Dr Paul Enin, Chief Executive Officer at the Women’s Hospital, Airport, Accra, has called on parents to check their genotypes before childbirth.
He said most often, people fail to check their genotypes and this at times could ruin their future and that of their children.
Dr Enin made the call at a Sickle Cell awareness creation and screening, organised by the GNS Foundation at La-Bawaleshie, a suburb in Accra.
Dr Enin said many parents had become overburdened with sickle cell children who were undergoing crisis and its related effects.
Sickle Cell disease is a group of disorders that cause red blood cells to become A group of disorders that cause red blood cells to become deformed and break down.
The disease is a hereditary trait and symptoms usually include infections, pain, and fatigue due to low blood levels and patients are prone to multiple episodes of crises, resulting in frequent hospital visits.
Treatments include medication, blood transfusions and rarely a bone-marrow transplant.
According to statistics, two per cent of babies born in Sub Saharan Africa are born with the Sickle Cell disease annually and Ghana is not an exception.
Dr Enin said it was necessary for individuals to make informed decisions by checking their genotypes before getting together as a couple and childbirth to reduce the number of children born with the disease and its effects on children, parents, and society at large.
Dr Sylvester Mensah, a Medical Officer said that awareness creation with regards to Sickle Cell disease had been very low in the country, considering the increasing number of patients being born annually.
Dr Mensah said getting to know one’s genotype was necessary to avoid having more babies with the disease.
He said with the advancement in research and medication, patients with the disease could live a normal life with good medication and strict hygienic conditions.
Dr Kwame Dzikunu, President of Health CEOs and Scientists, called on the government to support sickle cell patients in the country.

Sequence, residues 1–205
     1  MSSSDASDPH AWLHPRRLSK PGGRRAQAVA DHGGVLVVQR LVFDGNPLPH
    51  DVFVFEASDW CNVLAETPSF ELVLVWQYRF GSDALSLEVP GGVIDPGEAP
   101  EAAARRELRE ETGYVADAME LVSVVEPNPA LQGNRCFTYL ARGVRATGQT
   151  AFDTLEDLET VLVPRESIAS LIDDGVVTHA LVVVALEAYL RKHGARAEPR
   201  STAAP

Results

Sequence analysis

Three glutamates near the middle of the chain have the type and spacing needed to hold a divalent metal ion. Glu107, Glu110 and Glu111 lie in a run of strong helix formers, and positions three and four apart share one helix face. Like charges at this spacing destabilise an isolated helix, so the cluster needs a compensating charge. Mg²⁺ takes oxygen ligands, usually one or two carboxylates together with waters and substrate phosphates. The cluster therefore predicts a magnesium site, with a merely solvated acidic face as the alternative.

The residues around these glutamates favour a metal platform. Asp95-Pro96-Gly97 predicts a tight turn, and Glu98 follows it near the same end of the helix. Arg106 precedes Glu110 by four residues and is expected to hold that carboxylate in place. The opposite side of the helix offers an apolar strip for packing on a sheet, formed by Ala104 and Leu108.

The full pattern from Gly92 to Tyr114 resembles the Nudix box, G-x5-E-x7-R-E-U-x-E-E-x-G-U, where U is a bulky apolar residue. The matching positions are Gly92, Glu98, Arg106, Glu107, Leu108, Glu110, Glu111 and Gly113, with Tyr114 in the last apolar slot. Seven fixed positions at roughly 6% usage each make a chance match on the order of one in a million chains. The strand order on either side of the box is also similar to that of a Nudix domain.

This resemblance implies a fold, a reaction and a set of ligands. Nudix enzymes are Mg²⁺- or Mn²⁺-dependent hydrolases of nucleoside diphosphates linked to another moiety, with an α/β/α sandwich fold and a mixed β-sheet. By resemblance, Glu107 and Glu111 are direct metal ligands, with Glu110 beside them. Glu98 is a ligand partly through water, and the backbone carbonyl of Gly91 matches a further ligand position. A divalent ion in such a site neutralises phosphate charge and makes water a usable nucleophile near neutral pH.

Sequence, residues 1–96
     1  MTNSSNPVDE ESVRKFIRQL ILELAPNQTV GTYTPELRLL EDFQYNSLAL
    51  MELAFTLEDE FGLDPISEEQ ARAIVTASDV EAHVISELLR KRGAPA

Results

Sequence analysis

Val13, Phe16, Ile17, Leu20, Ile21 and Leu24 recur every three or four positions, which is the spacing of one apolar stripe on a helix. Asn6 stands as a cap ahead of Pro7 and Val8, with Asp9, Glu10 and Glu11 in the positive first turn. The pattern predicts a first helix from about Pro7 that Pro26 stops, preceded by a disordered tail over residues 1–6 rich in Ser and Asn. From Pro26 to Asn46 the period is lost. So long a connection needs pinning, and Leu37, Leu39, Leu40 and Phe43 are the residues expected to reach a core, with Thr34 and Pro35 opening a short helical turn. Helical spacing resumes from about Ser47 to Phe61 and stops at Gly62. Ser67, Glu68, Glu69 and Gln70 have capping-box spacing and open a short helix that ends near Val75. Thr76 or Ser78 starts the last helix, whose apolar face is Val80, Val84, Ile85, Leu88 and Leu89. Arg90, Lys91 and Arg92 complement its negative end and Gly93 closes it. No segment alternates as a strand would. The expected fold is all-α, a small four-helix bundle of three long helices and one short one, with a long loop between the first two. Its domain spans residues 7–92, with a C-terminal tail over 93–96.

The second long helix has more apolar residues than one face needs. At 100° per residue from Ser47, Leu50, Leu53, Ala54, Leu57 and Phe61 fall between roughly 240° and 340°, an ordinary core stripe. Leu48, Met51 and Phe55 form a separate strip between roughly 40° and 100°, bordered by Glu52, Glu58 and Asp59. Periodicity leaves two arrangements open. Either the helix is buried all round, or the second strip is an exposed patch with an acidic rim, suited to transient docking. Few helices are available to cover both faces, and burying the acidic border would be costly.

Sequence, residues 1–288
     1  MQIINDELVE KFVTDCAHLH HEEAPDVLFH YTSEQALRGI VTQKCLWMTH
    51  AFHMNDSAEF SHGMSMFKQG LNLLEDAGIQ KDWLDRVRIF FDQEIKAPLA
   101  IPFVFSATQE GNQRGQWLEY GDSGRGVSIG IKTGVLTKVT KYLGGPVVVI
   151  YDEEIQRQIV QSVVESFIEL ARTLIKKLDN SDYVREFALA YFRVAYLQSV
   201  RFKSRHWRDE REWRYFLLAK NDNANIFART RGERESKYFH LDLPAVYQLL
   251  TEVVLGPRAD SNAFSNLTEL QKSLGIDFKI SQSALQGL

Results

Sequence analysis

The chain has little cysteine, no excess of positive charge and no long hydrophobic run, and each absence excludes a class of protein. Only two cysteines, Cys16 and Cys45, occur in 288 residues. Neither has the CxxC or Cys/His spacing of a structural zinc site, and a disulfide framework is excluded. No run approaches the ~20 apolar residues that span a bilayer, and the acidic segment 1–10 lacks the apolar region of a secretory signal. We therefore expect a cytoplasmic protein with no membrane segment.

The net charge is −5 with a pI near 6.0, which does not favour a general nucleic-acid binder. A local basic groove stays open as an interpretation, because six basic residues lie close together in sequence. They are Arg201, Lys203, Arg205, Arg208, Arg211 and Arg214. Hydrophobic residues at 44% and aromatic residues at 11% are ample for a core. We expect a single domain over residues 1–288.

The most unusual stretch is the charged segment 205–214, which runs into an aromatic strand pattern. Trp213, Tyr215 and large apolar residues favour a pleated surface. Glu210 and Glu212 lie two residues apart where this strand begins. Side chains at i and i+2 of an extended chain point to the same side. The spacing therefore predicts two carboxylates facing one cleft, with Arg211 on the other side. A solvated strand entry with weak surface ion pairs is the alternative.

Mrs Sandra Amponsah-Ayivor, Executive Director GNS Foundation said her passion to help give back to society had led to an advocacy to create strong awareness among the public to know more about the disease and the necessary precautions.
She said: “We all know about sickle Cell disease but information about the disease is very low. We are creating more awareness making sure that people get to know their genotype so that we will avoid having sickle cell babies in the future and help the younger generation reach their potential in life.”
Mrs Amponsah-Ayivor called on individuals, organisations, and corporate institutions to support the foundation achieve its objectives.
As part of the Sickle Cell Awareness Month this September, about 150 school children were educated and screened to determine their genotypes.
The GNS Foundation is a non-governmental charitable organisation with the objective of raising awareness of sickle cell disease in the country.
The Foundation, since 2016 has organised a series of activities including donation of computers and laboratory consumables to sickle cell clinics and payment of medical bills for sickle cell patients, among others.
Okyeame Kwame, a popular Ghanaian highlife musician and an actor, Kofi Adorlolo were at the programme to grace the occasion and to support the sickle cell advocacy.